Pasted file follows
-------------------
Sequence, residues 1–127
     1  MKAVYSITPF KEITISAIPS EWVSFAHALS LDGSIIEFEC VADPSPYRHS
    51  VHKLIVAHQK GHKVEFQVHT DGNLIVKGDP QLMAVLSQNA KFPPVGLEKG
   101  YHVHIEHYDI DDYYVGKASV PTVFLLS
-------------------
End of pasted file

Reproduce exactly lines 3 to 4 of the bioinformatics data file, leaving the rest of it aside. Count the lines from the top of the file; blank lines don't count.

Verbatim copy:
    51  VHKLIVAHQK GHKVEFQVHT DGNLIVKGDP QLMAVLSQNA KFPPVGLEKG
   101  YHVHIEHYDI DDYYVGKASV PTVFLLS